We’re in an era where unique data is readily available, and sheds light on particular traits and likely-to-happen occurrences. In order to effectively manage large amounts of data, however, a predictive marketing platform is needed.
Essentially, this is a system that integrates data from disparate sources to inform decisions in real time. It enhances marketing experiences and reveals deep insights about the customer.
Predictive marketing can be used as an equalizer, enabling agencies to collaborate, while also allowing original equipment manufacturers (OEMs) to look across brands and manage entry, midmarket, and luxury-targeted customers across life stages.
Let’s take Volkswagen as an example. Volkswagen can start you off with a Beetle, move you up to an Audi Q5 as your income and need for capacity grows, and eventually deliver a beautiful Bentley or Bugatti to your driveway to enjoy in retirement.
This begs the question: How might a predictive marketing platform turn an OEM company into a more predictive organization?
Leveraging a data-driven solution that enables customer-centric business models can rapidly uncover several new opportunities for OEMs.
Dynamic customer-journey modeling
OEMs with visibility across fragmented silos, systems, channels, products, and audiences can increase their flexibility in their respective markets, creating more opportunities for innovation.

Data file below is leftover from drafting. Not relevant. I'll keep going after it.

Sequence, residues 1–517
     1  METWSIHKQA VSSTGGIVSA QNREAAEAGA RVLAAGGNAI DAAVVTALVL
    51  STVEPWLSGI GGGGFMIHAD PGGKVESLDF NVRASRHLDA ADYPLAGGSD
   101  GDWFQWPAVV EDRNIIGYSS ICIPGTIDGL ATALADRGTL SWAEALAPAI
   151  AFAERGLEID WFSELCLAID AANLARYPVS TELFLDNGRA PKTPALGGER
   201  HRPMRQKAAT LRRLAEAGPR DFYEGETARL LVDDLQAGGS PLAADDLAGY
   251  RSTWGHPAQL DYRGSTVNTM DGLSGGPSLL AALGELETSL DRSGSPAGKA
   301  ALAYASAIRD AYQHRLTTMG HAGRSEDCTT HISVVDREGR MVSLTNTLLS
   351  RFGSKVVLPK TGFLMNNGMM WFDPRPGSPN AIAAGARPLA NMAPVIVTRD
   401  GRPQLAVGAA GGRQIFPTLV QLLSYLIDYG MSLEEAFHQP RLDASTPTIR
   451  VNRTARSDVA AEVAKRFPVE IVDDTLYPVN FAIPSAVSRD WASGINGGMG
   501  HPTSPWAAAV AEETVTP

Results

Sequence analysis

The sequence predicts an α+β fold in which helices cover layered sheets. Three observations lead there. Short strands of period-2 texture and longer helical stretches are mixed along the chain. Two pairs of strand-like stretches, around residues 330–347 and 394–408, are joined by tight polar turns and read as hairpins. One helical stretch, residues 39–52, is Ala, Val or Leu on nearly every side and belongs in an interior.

This is done through dynamic customer-journey modeling, which uses huge volumes of first-party transactional data to help OEMs, dealers, service providers, and other tech vendors deliver unique experiences at the touch-point level.
Both tier-one manufacturers and tier-two dealers can align messaging through a data-driven approach, and brand families can not only differentiate messaging, but can also spot cross-brand and cross-marketing opportunities.
For example, BMW enthusiasts are vastly different from Ford audiences, but even within BMW, a 3-series driver, an X-series driver, and an M driver are different animals.
Leveraging a data approach also allows manufacturers and dealers to uncover hidden marketing opportunities, and predict future ones.
For instance, companies can improve efficiency and ROI by connecting digital audiences across tiers. Earlier this year, Rocket Fuel Institute published a report noting how automakers realized an 18% percent improvement in tier-two dealer response when audiences were informed by activities taken by tier-one manufacturers.
Feature-set optimization and marketing
Brands need to discover new methods of identifying the right product or service for the right customer. Data-driven feature-set optimization unveils countless cross-sell and upsell opportunities to specific audiences at scale.
According to an Accenture report, automotive brands will evolve to a place where they can constantly improve the digital customer experience, focusing on enhancing the distinct stages of the journey: presales, sales, ownership, and repurchase.
It will be possible to create new segments of specialized vehicles designed for very specific needs.